While many orchardists in BC find it tough to source clean plant material to renew and expand their orchards, nurseries in Canada export a significant number of fruit and nut trees to orchardists in the US.
To ensure stock remains clean, the Canadian Food Inspection Agency has spent the past few weeks soliciting feedback regarding the Canadian Fruit Tree Export Program (CFTEP) for apple, pear, quince and Prunus species.
“We are reaching out to program participants and industry members to better understand how the program is being used, and any challenges that participants have encountered,” the agency says. “This feedback will help to inform future updates to the CFTEP, and ensure that both industry needs and export obligations are being met.”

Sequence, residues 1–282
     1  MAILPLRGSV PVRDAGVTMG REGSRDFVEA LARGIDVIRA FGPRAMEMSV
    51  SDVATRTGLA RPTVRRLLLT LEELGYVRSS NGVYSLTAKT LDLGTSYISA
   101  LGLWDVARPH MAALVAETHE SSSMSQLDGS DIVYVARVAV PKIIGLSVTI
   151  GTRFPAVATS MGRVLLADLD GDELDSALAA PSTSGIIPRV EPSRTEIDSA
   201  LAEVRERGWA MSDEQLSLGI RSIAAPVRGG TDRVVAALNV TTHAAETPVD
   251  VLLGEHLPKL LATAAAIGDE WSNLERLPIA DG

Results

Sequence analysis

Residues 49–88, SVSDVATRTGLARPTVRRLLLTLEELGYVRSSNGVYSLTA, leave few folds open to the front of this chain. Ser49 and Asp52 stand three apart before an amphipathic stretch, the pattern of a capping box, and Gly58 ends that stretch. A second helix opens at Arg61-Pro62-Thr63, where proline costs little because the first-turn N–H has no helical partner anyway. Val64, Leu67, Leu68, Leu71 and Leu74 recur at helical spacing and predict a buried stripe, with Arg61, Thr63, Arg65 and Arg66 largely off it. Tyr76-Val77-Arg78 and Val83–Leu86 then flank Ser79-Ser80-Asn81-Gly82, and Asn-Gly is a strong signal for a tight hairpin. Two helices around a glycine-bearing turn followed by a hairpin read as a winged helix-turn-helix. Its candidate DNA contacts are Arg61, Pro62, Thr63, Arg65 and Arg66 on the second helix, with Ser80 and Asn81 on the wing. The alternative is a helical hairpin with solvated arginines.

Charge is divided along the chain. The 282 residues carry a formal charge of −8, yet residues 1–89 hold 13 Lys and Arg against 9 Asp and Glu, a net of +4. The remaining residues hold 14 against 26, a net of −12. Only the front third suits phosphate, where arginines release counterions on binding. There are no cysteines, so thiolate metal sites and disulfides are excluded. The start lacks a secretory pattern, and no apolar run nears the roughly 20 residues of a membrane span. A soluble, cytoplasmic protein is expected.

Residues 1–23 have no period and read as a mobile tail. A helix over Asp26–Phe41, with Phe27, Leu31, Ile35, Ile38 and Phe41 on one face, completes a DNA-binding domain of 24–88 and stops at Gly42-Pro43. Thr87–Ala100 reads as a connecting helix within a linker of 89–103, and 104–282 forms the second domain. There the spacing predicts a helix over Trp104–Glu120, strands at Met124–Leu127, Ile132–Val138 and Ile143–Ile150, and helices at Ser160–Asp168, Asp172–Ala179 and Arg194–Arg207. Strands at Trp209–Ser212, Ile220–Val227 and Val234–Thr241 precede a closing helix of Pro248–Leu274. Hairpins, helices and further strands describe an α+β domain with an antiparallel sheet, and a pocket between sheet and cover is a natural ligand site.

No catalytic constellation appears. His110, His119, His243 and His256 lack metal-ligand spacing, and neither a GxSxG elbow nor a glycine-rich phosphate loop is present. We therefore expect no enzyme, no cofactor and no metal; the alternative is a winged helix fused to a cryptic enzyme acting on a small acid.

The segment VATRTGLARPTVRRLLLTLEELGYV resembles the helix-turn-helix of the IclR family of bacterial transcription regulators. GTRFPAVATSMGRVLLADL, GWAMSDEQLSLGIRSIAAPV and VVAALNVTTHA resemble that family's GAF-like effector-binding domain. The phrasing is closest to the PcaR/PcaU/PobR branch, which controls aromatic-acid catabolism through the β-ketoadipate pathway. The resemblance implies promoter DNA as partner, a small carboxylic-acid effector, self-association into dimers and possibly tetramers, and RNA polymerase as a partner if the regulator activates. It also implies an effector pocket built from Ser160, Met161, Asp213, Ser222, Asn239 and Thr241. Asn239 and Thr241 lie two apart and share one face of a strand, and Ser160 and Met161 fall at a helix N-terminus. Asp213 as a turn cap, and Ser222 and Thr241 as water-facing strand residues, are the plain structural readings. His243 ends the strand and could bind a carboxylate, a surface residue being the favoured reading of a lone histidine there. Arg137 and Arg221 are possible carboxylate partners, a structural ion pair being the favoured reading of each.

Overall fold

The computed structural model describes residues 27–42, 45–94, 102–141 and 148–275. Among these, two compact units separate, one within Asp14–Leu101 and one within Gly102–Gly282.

CFTEP is an audit-based program rooted in integrated pest risk management (IPM) measures for the certification of fruit trees. It is designed to be compatible with the Canadian Nursery Certification Program and future revisions will aim to harmonize it both with the CNCP and similar programs in the US.
The current consultation ends April 30.
By ensuring an effective certification program, CFIA helps guarantee trade in clean plant material and the success of Canada’s nursery sector.
Canada exported $35.6 million worth of edible fruit and nut trees in 2021, primarily to the US. Of this, BC accounted for $8.8 million worth, led by the US at $8.6 million. China is the second-largest importer of Canadian fruit and nut trees, all of which come from BC at $243,000.